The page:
Because the Old Croton Aqueduct was powered by gravity alone, the Aqueduct and the trail above it do not follow a straight line. Instead, to maintain the average 13.25-inches–per–mile downward slope of the tunnel on its journey from the Croton Reservoir, its path follows the ridges formed by ancient glaciers. Armed by the early and forceful exercise of eminent domain, New York City constructed its tunnel through public and private property in a single-minded quest to meet citizens’ urgent need for clean, abundant water.
The trail’s winding journey provides an unparalleled opportunity to explore not only the engineering feats of the Aqueduct, built in just five years from 1837 to 1842, but also the natural beauty and multilayered history of the Hudson River Valley and New York City.
Walks and tours along the Aqueduct feature many such discoveries. One walk follows the route of Tibbetts Brook, from its beginnings in H.F. Redmond Junior Park in Yonkers, named after a post-World War II Yonkers patriot. Tibbetts Brook was originally referred to as Mosholu by the Lenape Native Americans. The brook’s current name is an altered version of the name of a 17th century British settler of the land, George Tippett.
There are several points of access to Tibbetts Brook Park from South County Trailway, which runs north to south on the western side of the park. Redmond park provides easy access to South County Trailway, on the route of the old Putnam Railway, affectionately known as the “Old Put.” The park provides free parking near the access point to the rail trail. As you travel south on that trail, you can see a structure of the New Croton Aqueduct to the east.
In 1927, Westchester County opened Tibbetts Brook Park on land confiscated from the Tippett estate following the American Revolution. The county cleared the land and restored the purity of Tibbetts Brook, which had become polluted by a dump to the north. Within the park there is a varied network of trails. Crossing the northern section on one of these trails, you can connect with the Old Croton Aqueduct trailway, which runs through the park on its eastern side.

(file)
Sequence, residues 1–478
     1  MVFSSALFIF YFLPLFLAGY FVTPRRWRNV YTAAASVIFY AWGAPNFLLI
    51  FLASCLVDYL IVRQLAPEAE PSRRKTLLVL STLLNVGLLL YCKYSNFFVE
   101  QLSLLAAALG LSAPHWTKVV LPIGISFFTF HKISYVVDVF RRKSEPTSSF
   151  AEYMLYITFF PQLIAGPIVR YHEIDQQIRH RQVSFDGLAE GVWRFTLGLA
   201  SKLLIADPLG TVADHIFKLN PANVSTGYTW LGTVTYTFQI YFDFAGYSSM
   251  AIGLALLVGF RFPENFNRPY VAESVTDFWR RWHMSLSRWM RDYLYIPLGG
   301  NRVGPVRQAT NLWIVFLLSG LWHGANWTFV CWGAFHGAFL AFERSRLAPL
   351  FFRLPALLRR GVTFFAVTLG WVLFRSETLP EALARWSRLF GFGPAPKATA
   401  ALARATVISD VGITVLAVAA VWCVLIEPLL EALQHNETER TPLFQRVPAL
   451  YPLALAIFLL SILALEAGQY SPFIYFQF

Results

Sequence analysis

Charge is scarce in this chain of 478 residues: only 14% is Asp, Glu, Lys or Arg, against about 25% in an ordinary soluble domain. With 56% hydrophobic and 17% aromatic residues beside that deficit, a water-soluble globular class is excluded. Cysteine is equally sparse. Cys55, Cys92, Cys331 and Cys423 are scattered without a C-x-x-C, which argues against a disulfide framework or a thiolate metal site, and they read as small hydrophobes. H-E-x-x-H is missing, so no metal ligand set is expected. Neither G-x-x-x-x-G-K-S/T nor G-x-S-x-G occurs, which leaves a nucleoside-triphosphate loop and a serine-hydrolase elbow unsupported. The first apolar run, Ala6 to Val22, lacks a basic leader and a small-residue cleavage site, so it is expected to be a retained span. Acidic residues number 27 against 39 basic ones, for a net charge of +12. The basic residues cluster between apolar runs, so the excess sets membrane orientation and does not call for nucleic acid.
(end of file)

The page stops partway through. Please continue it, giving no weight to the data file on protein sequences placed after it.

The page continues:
Here at Tibbetts Brook Park’s northeast corner, the Old Croton Aqueduct runs through the park, with the New Croton Aqueduct just to the east. Several old New York City waterworks structures can be seen along the trail. Nearby is one of the Aqueduct’s tall cylindrical stone ventilators, which originally served to freshen the water in the tunnel. Another ventilator can be seen on the trail just after it emerges from the park’s southern border.
You can reach Van Cortlandt Park to the south via either the Aqueduct trail or the rail trail. But do not do so before exploring the trails within Tibbetts Brook Park on the shores of two lakes, lined by trees and wildflowers, bisected by a waterfall and a wood–and–stone footbridge. You will discover a great variety of birds and other wildlife. North of the lakes, there is an elaborate water park, attracting families like a magnet but leaving Tibbetts Brook and the lakes in relative isolation.
Tibbetts Brook continues south to Van Cortlandt Park, where it crosses America’s oldest public golf course and forms Van Cortlandt Lake, before it disappears somewhat ignominiously into a large sewer at the lake’s southwestern corner. There are proposals to daylight Tibbetts Brook so that its fresh water can flow into the Harlem River.
For maps, tours, walks, and more, go to aqueduct.org.